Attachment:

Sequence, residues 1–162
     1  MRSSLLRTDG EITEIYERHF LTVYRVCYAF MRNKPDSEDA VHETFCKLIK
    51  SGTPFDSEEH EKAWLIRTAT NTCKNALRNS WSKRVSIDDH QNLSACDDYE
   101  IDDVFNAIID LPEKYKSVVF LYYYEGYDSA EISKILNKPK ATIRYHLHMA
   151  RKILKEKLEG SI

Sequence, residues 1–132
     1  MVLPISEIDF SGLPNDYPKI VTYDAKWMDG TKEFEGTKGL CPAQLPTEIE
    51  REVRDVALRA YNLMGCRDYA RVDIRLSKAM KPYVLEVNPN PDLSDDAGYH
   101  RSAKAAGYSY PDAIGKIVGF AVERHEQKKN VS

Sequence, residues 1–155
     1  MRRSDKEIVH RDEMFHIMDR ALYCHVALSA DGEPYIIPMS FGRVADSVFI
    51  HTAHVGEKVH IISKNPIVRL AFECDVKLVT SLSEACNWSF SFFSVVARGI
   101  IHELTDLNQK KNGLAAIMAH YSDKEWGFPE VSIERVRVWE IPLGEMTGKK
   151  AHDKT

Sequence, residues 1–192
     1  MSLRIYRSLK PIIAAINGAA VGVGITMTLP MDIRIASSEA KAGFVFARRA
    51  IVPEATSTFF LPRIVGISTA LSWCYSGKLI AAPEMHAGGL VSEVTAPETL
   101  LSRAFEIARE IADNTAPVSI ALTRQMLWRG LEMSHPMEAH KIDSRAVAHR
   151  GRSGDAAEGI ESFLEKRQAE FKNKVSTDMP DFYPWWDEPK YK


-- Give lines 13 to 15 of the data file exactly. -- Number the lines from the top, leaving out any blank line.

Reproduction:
   101  IHELTDLNQK KNGLAAIMAH YSDKEWGFPE VSIERVRVWE IPLGEMTGKK
   151  AHDKT

Sequence, residues 1–192